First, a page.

Department of Game of Washington v. Puyallup Tribe

DEPARTMENT OF GAME OF the State of WASHINGTON, Petitioner, v. The PUYALLUP TRIBE et al. PUYALLUP TRIBE, Petitioner, v. DEPARTMENT OF GAME OF the State of WASHINGTON.
414 U.S. 44 (1973) |
SCOTUS decided 1973-11-18
Jurisdiction level:

Washington State Game Department’s regulation against net-fishing of steelhead trout discriminates against the Puyallup and must be changed to accommodate between between their net-fishing rights and the rights of sports fishermen.

Result: Win
Importance:

The treaty rights of Puyallup Indians for commercial net fishing are partially exempt from application of state fishery conservation measures, which had sought to restrict steelhead trout fishing to hook and line only.


Law type: Civil
Topic(s): Conservation, Equal protection, and Native Americans
State of origin: WA
Attorneys:

Harry R. Sachse argued the cause for respondents in No. 72-481 and for petitioner in No. 72-746. With him on the brief were Solicitor General Griswold, Assistant Attorney General Johnson, Deputy Solicitor General Wallace, Edmund B. Clark, and Glen R. Goodsell.


Others involved: Charles A. Hobbs filed a brief for the National Congress of American Indians, Inc., et al. as amici curiae urging reversal in No. 72-746. Briefs of amici curiae in both cases were filed by James B. Hovis for the Confederated Bands and Tribes of the Yakima Indian Nation, and by David H. Getches for Ramona C. Bennett et al.
Organization role: Sponsor

Last modified: 2020-04-02 11:27
Case internal grade: A | Case internal status: OK |
Case internal status notes: There are other SCOTUS cases between these parties in other years, so don't get confused.
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CASE DETAILS

(The syllabus is not part of the opinion, but is a summary prepared by the court reporter as a convenience.)

(Together with No. 72-746, Puyallup Tribe v. Department of Game of Washington.)

Syllabus

Commercial net fishing by Puyallup Indians, for which the Indians have treaty protection, Puyallup Tribe v. Dept. of Game, 391 U.S. 392, 88 S.Ct. 1725, 20 L.Ed.2d 689, forecloses the bar against net fishing of steelhead trout imposed by Washington State Game Department’s regulation, which discriminates against the Puyallups, and as long as steelhead fishing is permitted, the regulation must achieve an accommodation between the Puyallups’ net-fishing rights and the rights of sports fishermen. Pp. 45—59.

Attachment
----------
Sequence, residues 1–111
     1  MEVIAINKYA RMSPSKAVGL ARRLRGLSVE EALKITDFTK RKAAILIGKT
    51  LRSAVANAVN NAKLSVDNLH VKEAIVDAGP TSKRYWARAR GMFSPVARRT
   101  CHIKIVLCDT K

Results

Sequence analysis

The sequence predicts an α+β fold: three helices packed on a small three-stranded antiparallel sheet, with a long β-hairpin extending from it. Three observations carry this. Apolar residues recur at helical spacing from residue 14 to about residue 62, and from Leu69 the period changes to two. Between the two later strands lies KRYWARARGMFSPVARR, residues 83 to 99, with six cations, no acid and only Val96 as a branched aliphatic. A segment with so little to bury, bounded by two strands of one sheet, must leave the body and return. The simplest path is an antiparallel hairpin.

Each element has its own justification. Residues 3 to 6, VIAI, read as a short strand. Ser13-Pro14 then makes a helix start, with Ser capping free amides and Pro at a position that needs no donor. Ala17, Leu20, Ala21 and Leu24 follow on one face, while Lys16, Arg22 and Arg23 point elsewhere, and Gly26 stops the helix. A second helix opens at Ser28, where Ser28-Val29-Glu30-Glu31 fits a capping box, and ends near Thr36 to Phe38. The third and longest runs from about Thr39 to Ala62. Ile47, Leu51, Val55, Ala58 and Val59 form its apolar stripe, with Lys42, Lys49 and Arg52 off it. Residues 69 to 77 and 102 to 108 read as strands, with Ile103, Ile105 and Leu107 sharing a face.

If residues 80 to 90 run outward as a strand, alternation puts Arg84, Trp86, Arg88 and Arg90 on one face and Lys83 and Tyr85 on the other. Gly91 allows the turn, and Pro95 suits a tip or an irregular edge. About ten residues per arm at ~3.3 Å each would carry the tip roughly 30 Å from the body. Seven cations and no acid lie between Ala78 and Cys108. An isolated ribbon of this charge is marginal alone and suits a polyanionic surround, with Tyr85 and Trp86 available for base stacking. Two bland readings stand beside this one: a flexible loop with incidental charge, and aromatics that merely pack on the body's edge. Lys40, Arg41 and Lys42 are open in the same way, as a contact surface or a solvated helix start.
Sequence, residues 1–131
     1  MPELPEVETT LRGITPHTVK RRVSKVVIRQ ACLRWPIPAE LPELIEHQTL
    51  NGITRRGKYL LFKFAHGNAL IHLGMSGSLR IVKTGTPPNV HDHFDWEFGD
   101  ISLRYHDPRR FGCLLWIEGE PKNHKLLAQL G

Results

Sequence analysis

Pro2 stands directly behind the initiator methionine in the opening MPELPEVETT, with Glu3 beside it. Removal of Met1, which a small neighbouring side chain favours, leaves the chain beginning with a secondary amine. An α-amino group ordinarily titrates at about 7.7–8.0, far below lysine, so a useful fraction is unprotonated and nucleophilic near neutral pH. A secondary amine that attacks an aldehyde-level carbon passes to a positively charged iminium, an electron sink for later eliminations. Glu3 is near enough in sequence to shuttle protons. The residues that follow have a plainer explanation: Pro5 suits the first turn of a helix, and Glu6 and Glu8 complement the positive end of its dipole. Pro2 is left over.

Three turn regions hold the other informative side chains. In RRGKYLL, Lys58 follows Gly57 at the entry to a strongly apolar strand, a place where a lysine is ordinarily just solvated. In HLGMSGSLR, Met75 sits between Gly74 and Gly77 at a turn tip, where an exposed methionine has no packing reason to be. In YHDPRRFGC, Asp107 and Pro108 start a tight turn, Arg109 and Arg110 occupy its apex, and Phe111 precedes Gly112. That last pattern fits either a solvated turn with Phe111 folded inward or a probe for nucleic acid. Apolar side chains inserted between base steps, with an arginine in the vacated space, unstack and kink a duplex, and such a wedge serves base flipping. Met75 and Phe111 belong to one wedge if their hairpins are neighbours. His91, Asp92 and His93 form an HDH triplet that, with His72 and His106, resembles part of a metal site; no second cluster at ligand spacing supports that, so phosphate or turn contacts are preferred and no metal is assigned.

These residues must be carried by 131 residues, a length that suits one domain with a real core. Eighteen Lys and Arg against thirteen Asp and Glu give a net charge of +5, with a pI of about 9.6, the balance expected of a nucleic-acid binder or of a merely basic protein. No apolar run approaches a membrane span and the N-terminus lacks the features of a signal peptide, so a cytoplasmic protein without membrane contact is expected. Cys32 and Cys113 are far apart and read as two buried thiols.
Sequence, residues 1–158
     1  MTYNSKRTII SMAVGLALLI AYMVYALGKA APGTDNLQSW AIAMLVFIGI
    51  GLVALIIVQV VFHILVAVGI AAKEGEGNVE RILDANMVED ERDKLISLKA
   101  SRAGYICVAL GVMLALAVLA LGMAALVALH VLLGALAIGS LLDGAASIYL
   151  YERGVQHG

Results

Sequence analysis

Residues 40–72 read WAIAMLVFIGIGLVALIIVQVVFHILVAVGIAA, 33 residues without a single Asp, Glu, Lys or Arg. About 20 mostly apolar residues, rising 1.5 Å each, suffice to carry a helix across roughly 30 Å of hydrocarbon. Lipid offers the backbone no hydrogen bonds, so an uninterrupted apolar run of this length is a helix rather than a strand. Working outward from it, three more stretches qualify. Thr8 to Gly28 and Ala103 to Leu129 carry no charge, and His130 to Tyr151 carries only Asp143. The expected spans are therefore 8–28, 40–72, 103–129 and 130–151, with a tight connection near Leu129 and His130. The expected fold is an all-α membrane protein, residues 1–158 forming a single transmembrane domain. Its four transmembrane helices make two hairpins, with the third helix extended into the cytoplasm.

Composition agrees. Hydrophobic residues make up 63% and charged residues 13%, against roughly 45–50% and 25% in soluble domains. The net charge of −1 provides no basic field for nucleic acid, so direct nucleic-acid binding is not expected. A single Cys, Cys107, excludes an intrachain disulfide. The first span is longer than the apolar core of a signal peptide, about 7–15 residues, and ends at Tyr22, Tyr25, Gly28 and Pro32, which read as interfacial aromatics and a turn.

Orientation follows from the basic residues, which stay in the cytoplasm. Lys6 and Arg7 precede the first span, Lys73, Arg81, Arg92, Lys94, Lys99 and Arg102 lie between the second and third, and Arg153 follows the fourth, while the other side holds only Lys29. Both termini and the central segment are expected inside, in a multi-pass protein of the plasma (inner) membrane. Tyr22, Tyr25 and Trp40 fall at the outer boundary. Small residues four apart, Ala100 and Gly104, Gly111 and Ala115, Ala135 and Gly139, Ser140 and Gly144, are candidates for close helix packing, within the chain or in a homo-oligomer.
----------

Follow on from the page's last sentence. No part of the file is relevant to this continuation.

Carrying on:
80 Wash.2d 561, 497 P.2d 171, reversed and remanded.

From the opinion

Mr. Justice DOUGLAS delivered the opinion of the Court.

In 1963 the Department of Game and the Department of Fisheries of the State of Washington brought this action against the Puyallup Tribe and some of its members, claiming they were subject to the State’s laws that prohibited net fishing at their usual and accustomed places and seeking to enjoin them from violating the State’s fishing regulations. The Supreme Court of the State held that the tribe had protected fishing rights under the Treaty of Medicine Creek and that a member who was fishing at a usual and accustomed fishing place of the tribe may not be restrained or enjoined from doing so unless he is violating a state statute or regulation ‘which has been established to be reasonable and necessary for the conservation of the fishery.’ 70 Wash.2d 245, 262, 422 P.2d 754, 764.

On review of that decision we held that, as provided in the Treaty of Medicine Creek, the “right of taking fish, at all usual and accustomed grounds and stations (which) is . . . secured to said Indians, in common with all citizens of the Territory” extends to off-reservation fishing but that ‘the manner of fishing, the size of the take, the restriction of commercial fishing, and the like may be regulated by the State in the interest of conservation, provided the regulation meets appropriate standards and does not discriminate against the Indians.’ 391 U.S. 392, 395, 398, 88 S.Ct. 1725, 1728. We found the state court decision had not clearly resolved the question whether barring the ‘use of set nets in fresh water streams or at their mouths’ by all, including Indians, and allowing fishing only by hook and line in these areas was a reasonable and necessary conservation measure. The case was remanded for determination of that question and also ‘the issue of equal protection implicit in the phrase ‘in common with” as used in the Treaty. Id., at 400, 403, 88 S.Ct., at 1730, 1931.